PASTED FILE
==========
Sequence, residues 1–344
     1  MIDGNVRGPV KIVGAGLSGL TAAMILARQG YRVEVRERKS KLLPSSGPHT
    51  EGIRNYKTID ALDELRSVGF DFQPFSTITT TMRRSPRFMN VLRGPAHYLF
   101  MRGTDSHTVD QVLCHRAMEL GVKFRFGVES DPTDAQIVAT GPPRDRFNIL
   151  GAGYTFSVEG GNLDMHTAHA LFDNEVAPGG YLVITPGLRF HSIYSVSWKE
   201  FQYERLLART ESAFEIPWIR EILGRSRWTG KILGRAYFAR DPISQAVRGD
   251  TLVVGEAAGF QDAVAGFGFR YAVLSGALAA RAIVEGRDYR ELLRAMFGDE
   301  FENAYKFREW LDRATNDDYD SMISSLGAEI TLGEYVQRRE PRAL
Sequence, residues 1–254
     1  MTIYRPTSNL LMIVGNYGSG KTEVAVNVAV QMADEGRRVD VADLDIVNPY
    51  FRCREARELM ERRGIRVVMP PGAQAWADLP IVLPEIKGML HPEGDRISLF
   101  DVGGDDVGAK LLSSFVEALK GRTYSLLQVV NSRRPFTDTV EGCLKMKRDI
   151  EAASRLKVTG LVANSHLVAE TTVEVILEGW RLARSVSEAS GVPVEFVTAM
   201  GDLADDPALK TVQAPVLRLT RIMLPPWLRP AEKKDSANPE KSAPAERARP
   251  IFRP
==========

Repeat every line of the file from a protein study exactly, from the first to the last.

Sequence, residues 1–344
     1  MIDGNVRGPV KIVGAGLSGL TAAMILARQG YRVEVRERKS KLLPSSGPHT
    51  EGIRNYKTID ALDELRSVGF DFQPFSTITT TMRRSPRFMN VLRGPAHYLF
   101  MRGTDSHTVD QVLCHRAMEL GVKFRFGVES DPTDAQIVAT GPPRDRFNIL
   151  GAGYTFSVEG GNLDMHTAHA LFDNEVAPGG YLVITPGLRF HSIYSVSWKE
   201  FQYERLLART ESAFEIPWIR EILGRSRWTG KILGRAYFAR DPISQAVRGD
   251  TLVVGEAAGF QDAVAGFGFR YAVLSGALAA RAIVEGRDYR ELLRAMFGDE
   301  FENAYKFREW LDRATNDDYD SMISSLGAEI TLGEYVQRRE PRAL
Sequence, residues 1–254
     1  MTIYRPTSNL LMIVGNYGSG KTEVAVNVAV QMADEGRRVD VADLDIVNPY
    51  FRCREARELM ERRGIRVVMP PGAQAWADLP IVLPEIKGML HPEGDRISLF
   101  DVGGDDVGAK LLSSFVEALK GRTYSLLQVV NSRRPFTDTV EGCLKMKRDI
   151  EAASRLKVTG LVANSHLVAE TTVEVILEGW RLARSVSEAS GVPVEFVTAM
   201  GDLADDPALK TVQAPVLRLT RIMLPPWLRP AEKKDSANPE KSAPAERARP
   251  IFRP